I woke up this morning with sweaty palms and a racing heart. But instead of racing to WebMD like I usually do when my body does anything out of the ordinary, I just checked my tv’s guide to make sure that tonight’s Revenge wasn’t a rerun. It’s the only show I absolutely cannot stand to miss and it’s the only one I race home to watch every week. After the longest TV hiatus in the history of TV, the show finally returned last week and reminded me why I got so addicted in the first place.
I’m not addicted because Revenge’s the best show on TV or because I feel connected with the dialogue or because it’s doing something groundbreaking. I’m addicted becaues it’s not any of those things.
It’s a one-hour primetime soap that doesn’t pretend to be anything else. While every other show on TV these days tries to cross the line, redefine boundaries and influence your perspective on life, Revenge just aims to be good old-fashioned soapy TV.
The show follows Emily Thorne (Emily VanCamp) on her mission to seek revenge on everyone who helped incarcerate her father for an incredibly horrible crime he didn’t commit. And rather than hiding out in wait for her enemies, she confidently enters their world by dating Daniel Grayson (Josh Bowman), the son of the couple responsible for the conspiracy and cover-up, and using her access to him to destroy the lives of everyone who wronged her family. Within weeks she’s turned the Hamptons upside down and created an unforgettable summer for everyone who came into contact with her.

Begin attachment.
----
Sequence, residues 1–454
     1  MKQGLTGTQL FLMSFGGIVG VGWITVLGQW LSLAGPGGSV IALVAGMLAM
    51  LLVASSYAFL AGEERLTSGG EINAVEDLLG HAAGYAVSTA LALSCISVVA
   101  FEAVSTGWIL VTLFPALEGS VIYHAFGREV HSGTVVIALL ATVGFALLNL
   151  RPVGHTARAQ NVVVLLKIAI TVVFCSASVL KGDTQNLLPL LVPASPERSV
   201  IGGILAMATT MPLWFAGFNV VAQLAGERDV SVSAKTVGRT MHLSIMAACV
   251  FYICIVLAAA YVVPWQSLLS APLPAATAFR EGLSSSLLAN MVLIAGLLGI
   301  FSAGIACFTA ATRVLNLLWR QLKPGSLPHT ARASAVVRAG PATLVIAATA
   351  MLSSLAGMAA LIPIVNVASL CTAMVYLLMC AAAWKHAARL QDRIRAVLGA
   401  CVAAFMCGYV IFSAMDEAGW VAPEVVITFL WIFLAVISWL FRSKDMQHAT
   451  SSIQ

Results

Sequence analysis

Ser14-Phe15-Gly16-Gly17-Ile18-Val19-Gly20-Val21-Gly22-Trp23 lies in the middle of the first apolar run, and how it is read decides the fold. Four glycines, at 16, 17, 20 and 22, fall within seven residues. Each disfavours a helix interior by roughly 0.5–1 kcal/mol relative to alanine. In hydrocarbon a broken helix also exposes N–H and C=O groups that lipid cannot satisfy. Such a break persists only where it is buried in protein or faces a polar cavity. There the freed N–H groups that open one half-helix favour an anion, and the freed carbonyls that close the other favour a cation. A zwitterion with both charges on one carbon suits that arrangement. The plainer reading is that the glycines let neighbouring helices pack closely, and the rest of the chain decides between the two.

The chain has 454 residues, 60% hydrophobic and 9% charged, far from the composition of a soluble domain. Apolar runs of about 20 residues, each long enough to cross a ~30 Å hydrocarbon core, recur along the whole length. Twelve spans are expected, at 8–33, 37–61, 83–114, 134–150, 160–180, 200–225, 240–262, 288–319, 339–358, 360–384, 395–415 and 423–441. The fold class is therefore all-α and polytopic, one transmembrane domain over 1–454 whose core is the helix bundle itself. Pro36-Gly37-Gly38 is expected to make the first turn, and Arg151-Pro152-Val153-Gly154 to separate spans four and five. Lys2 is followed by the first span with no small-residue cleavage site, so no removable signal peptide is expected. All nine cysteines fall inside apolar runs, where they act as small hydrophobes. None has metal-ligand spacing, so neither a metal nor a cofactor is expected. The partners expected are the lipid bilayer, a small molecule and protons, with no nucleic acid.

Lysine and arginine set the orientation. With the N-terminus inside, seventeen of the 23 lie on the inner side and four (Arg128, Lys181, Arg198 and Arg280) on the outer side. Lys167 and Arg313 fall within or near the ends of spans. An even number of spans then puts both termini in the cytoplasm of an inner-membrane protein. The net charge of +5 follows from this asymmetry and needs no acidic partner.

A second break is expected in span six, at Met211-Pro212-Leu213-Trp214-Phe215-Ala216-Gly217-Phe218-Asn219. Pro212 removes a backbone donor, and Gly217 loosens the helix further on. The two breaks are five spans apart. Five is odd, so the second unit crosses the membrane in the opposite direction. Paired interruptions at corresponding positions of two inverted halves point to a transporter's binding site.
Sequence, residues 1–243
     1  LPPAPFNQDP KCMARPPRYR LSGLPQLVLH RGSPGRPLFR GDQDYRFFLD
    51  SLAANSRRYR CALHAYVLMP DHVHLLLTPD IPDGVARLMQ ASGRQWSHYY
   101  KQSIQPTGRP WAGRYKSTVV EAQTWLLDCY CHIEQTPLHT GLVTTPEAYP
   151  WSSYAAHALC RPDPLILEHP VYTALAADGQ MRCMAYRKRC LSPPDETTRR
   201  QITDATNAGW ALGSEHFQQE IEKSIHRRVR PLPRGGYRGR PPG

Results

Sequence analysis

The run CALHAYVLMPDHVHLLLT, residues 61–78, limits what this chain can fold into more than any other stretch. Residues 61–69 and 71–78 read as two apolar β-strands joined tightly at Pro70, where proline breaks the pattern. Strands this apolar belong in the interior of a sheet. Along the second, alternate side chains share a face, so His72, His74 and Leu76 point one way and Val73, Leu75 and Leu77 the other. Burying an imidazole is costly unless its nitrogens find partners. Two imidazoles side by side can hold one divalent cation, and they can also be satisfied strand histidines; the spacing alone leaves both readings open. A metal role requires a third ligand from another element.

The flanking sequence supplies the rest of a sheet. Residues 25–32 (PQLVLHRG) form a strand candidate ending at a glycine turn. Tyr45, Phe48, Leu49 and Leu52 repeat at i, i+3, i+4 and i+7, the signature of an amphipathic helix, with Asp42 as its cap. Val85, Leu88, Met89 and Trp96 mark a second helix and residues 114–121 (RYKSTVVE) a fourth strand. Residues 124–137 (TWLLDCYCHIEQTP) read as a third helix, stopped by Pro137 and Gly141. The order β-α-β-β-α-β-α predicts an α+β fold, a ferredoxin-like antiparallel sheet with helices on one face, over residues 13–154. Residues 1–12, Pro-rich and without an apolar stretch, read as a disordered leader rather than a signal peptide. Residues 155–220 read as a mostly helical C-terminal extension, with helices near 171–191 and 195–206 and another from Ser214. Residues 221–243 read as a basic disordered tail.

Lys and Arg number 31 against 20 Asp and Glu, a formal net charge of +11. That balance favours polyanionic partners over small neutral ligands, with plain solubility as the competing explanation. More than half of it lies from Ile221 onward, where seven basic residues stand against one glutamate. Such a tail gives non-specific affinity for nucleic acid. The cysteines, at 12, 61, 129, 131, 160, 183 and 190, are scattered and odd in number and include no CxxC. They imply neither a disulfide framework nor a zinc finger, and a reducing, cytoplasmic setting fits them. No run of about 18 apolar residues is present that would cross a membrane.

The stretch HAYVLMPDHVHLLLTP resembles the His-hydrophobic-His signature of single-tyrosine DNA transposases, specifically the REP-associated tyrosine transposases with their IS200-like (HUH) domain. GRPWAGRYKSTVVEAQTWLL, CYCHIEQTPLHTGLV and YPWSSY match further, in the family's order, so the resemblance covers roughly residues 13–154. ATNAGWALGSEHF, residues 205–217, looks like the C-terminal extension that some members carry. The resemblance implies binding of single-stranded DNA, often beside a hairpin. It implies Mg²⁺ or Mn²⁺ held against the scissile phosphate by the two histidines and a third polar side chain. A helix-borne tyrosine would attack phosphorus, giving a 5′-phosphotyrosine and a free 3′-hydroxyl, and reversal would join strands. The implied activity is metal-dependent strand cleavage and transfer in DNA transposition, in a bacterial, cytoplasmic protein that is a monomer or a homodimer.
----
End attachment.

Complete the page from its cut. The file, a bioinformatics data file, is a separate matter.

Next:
The plot doesn’t always make sense and events slightly change week to week to make sense within the constantly evolving story — and surprisingly it doesn’t bother me at all. While these tiny inconsistaent details usually drive me crazy when I’m watching other shows, it’s completely acceptable in the surreal TV world of Revenge. The show never presented itself as a snapshot of real life and therefore it doesn’t need to be.
It’s a show based on an incredibly ridiculous premise. From a terrorist cover-up to a beach shoot-out to an incredibly old dog to an unrequited childhood love, the show doesn’t even try to pretend it’s based in reality. So I don’t try either. Maybe it is impossible for Emily to get from here to there in the time that the show allows, but who cares? The incredibly complex and intense plot more than makes up for those kinds of small problems.
And that’s the beauty of Revenge. It’s a show that knows exactly what it is and what it isn’t. The plots good enough, the acting’s good enough and Madeleine Stowe’s botox is certainly good enough.
So make sure you’re home at 10 PM tonight when the new episode premieres. I promise you that you’ll end the episode on the edge of your seat. Seriously, I’m always about to fall off the couch when it ends because it’s just so darn good at those soap-tastic TV show cliffhangers.